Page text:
WRC Update: Style Avenue (El Salvador)

WRC Header
To:WRC Affiliate Universities and Colleges
From:Scott Nova and Jessica Champagne
Date:July 6, 2012
Re:WRC Update: Style Avenue (El Salvador)

On October 13, 2011, the Worker Rights Consortium reported to affiliated colleges and universities about an investigative report released by the Institute for Global Labor and Human Rights (GLHR, formerly known as the National Labor Committee) and the Federation of Independent Associations and Unions of El Salvador (FEASIES). The report detailed labor rights violations at the Style Avenue factory located in El Salvador.

We are pleased to report that there has been significant progress in addressing these violations. The buyers have, in coordination with GLHR and FEASIES, communicated with factory management and are in the progress of remedying these violations. Factory management is meeting on a regular basis with the union representing the workers to discuss workplace issues.

The factory produces apparel for several collegiate licensees. College Kids and Outerstuff had not disclosed that they ordered collegiate apparel from Style Avenue, but have subsequently confirmed that they had collegiate production in the factory. In addition, adidas has granted a license to Outerstuff to produce NFL product bearing the adidas logo; some of this apparel was produced in this factory. The GLHR report stated that the Dallas Cowboys also produced apparel in this factory. The Dallas Cowboys have denied producing at Style Avenue. The Independent Monitoring Group of El Salvador (Grupo de Monitoreo Independiente de El Salvador, or GMIES) also reports that several non-collegiate brands and retailers, including Billabong, Fox, and Walmart, produce at Style Avenue, and that many of these brands place their orders through the buying agent Starland Group.

Remedying Inaccuracies in Disclosure

We are concerned that both College Kids and Outerstuff failed to disclose Style Avenue until GLHR exposed their presence at the facility. Failure to accurately disclose supplier factories is a violation of university codes of conduct.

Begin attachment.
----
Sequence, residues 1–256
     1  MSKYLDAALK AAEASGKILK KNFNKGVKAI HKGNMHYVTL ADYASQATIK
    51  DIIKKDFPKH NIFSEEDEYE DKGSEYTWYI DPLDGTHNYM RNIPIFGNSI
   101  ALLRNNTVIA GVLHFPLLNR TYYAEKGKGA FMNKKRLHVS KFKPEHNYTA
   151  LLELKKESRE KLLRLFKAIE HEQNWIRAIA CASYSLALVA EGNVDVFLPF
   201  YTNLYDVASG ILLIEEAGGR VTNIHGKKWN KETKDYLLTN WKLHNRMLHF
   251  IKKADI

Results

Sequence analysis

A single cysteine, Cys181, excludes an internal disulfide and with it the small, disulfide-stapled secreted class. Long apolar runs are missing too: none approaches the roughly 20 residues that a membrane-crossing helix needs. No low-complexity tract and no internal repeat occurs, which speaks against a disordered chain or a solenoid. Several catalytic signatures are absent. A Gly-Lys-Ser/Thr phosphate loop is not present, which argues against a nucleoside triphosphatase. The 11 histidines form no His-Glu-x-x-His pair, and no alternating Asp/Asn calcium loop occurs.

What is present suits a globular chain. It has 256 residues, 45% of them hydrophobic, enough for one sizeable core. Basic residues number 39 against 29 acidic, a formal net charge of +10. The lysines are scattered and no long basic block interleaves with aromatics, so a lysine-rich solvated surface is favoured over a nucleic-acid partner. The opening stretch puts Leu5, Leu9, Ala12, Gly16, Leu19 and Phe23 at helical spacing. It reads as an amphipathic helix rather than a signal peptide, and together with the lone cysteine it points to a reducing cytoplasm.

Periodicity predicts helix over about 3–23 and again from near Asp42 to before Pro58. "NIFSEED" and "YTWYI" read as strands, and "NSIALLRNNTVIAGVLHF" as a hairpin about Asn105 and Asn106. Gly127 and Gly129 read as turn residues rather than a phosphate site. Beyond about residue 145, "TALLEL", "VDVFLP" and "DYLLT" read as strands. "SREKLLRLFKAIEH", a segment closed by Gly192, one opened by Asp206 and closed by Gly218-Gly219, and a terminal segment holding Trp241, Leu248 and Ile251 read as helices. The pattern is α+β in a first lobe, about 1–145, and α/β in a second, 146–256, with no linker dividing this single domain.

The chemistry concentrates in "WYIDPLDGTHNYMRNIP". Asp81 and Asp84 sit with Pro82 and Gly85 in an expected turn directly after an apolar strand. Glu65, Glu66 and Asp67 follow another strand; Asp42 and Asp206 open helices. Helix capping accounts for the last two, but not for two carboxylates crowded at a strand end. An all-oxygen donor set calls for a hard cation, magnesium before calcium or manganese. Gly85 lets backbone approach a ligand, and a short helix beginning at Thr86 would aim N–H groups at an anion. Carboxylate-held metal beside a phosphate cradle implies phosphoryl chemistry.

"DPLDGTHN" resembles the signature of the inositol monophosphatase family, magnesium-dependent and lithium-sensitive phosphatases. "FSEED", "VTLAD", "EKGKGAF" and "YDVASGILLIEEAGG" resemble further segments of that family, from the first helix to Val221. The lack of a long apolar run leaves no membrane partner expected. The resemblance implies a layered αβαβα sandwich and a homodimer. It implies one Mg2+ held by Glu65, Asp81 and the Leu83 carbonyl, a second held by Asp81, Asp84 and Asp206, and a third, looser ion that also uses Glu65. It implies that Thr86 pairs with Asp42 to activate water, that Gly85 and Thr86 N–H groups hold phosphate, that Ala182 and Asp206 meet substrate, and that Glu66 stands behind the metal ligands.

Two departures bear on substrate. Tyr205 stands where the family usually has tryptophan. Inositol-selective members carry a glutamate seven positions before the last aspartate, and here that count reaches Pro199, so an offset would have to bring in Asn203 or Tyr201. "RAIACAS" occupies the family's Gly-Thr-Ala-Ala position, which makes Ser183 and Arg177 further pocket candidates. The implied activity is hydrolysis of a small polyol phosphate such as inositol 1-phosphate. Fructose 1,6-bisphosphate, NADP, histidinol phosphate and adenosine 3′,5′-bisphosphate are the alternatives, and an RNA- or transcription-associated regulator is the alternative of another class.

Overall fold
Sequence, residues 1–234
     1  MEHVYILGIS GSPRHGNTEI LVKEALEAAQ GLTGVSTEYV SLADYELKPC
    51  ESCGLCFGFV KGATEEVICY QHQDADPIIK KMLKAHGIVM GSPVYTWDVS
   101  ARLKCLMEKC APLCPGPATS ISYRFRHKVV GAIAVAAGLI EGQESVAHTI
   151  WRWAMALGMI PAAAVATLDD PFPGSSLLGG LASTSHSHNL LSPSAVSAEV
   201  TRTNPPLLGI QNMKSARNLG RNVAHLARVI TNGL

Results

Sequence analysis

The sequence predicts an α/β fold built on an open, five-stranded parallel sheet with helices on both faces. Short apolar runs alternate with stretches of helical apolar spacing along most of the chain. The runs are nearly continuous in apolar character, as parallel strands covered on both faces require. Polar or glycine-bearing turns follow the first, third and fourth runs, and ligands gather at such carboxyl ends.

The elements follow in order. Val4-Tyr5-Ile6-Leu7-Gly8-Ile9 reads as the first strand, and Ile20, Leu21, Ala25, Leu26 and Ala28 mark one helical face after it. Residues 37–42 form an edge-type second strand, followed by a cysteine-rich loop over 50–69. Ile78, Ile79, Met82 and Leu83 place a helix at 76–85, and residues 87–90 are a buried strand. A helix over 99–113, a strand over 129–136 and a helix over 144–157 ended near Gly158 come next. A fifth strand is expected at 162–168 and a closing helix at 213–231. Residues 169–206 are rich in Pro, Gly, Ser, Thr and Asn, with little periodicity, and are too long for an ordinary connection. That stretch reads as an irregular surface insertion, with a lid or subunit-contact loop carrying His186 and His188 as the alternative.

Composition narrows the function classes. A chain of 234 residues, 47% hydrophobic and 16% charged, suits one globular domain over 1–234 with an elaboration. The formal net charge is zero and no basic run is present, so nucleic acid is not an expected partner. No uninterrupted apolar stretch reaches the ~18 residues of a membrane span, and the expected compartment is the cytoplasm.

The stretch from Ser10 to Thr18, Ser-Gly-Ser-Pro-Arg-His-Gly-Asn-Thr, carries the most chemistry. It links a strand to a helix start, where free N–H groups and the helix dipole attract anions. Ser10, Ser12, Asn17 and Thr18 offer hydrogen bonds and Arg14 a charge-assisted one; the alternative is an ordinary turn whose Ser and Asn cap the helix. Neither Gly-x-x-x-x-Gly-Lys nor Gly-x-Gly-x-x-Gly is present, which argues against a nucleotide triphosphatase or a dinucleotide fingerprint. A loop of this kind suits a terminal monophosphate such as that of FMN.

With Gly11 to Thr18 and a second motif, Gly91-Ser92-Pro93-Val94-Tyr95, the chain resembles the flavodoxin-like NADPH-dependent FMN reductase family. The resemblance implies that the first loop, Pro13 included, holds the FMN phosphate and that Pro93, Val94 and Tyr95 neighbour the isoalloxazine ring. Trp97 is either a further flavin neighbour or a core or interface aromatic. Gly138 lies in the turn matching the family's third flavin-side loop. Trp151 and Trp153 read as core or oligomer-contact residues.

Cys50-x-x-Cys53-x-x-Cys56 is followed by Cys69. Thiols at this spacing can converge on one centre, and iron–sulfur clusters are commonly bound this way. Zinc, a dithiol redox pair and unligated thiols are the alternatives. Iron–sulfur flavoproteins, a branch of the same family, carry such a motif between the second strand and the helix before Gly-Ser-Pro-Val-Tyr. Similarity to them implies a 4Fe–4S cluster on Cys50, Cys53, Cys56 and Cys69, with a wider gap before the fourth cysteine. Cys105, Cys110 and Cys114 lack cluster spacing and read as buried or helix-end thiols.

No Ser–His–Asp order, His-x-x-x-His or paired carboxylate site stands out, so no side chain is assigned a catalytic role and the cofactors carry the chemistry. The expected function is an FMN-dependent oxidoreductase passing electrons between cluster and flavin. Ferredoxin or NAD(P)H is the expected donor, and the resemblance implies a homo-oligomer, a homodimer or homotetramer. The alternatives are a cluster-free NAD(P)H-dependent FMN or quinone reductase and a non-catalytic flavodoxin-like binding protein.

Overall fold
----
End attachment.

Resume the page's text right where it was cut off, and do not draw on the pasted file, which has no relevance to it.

Both licensees provided explanations of the issues that led to this failure to disclose, but neither licensee had a valid justification for this violation of university codes. College Kids has informed the WRC that the company had believed Style Avenue to be owned by Starland Group, and had included Starland Group in its disclosure data. Outerstuff stated that it had provided information on Style Avenue to the Collegiate Licensing Company (CLC), which compiles collegiate disclosure data for many universities, as part of a survey distributed to licensees. This survey, however, is neither part of nor a substitute for the disclosure process. 

Both licensees report that they have implemented new mechanisms to ensure accurate disclosure in the future. The WRC cannot attest to the effectiveness of these new mechanisms; the only indicator of whether the changes are adequate will be in whether future disclosure data is shown to be accurate and complete. College Kids has stated that it has created new processes to verify that, in the future, the company identifies and discloses the correct legal registration for each factory. College Kids has reviewed its current data and current licensing agreements, and has assured the WRC that all current factories are now disclosed properly. Outerstuff has also stated that it has initiated new procedures to ensure that it regularly verifies the accuracy of disclosure data and is in the process of compiling a fully updated list.

Remediation at Style Avenue

The report published by GLHR and FEASIES produced evidence of serious workers’ rights violations at Style Avenue, including the locking of workers into the factory building, excessive heat inside the plant, mandatory overtime, unsanitary conditions, verbal abuse of workers by supervisors, and violations of workers’ right to freedom of association.

Following the publication of the report, the WRC contacted Style Avenue’s customers —Outerstuff, College Kids, and adidas — and asked them to respond to the findings outlined in the report. The three brands jointly commissioned the Independent Monitoring Group of El Salvador (Grupo de Monitoreo Independiente de El Salvador, or GMIES) to conduct an independent investigation of the allegations. The Fair Labor Association (FLA) recommended GMIES, and GLHR concurred that GMIES was an appropriate investigator for this case. The buyers agreed that, if the findings were confirmed, they would work with the factory toward corrective action.